Remembering the Time When Radio Was Accused of Being The Death of JournalismS

So you know how the newspaper industry has long been whining incessantly about the internet killing journalism? Well, this isn't the first time they've made such claims! They went nuts during the 1920s and 1930s over the threat from radio.

Slate's Jack Shafer points out that a book published in 1995 by Gwenyth L. Jackaway, Media at War: Radio's Challenge to the Newspapers, 1924-1939, offers some fascinating insights into the striking parallels between the print vs. radio war of the 20s and 30s and the print vs. internet war going on today.

Like today's Web, radio harmed newspapers commercially by disrupting the institutional identity they had carved out, Jackaway writes. The upstart media forced journalists and readers to ask, "[W]ho is a journalist? What is news? How should the news be delivered? What are the rules regarding the form and content of an acceptable news message?" Radio also fractured the existing institutional structure that partnered newspapers and wire services to deliver national and regional news. Radio could easily bypass newspapers and funnel news directly from the wire services to audiences. And, last, radio battered the institutional function of newspapers with live broadcasts of everything from sporting events to political conventions, allowing listeners to hear the news as it happened instead of reading about it 24 hours later.

Newspapers had every right to carve out just and enforceable intellectual-property rights for their copy, but their crusade against radio often lapsed into full scale disparagement of the new media. Some print journalists and industry leaders claimed that radio content was inaccurate, skimpy, sensationalist, and trivial and that its practitioners were amateurs. When radio news was accurate, they asserted, it was either a bunch of headlines from a newspaper or a story directly pilfered from one. Does any of this sound familiar?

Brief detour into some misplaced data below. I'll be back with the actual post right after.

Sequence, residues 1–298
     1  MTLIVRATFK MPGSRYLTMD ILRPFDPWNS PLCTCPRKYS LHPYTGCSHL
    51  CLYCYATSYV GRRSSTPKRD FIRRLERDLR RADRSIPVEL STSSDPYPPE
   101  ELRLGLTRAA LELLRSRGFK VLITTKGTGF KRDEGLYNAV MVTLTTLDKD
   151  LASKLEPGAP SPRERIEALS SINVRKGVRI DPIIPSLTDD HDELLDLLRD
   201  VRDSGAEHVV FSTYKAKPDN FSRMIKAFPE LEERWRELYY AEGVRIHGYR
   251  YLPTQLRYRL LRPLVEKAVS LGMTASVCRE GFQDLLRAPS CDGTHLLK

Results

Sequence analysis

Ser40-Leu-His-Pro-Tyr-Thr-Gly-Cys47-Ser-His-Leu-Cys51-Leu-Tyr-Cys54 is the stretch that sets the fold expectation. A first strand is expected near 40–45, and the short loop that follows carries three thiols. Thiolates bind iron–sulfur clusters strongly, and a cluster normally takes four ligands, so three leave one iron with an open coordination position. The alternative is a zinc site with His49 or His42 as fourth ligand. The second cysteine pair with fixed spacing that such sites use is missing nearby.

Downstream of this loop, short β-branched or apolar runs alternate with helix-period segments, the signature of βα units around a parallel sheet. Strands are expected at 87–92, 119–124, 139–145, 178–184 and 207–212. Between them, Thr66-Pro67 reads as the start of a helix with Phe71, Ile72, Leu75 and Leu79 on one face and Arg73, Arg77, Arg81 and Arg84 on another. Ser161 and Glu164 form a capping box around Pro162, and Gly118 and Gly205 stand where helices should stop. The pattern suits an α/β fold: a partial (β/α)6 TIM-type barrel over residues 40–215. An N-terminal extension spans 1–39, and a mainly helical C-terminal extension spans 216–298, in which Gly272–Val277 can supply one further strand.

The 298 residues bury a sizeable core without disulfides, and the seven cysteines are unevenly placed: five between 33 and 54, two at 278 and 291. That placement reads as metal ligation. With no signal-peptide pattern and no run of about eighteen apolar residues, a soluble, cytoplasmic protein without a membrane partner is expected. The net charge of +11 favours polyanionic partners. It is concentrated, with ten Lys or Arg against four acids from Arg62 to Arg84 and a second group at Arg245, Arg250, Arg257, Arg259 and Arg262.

Shafer goes to note that the print media establishment claimed that their writings were "sacred rhetoric" and that the rogue gallery of thieves and buffoons in radio who were leeching off of them threatened to bring our sacred democracy to its knees. The print folk also did everything in their power to block radio journalist's ability to secure press credentials in order to gain access to the nation's power brokers.

To answer the "Does any of this sound familiar?" question posed by Shafer in the excerpt above, the answer is yes, it most certainly does. Obviously.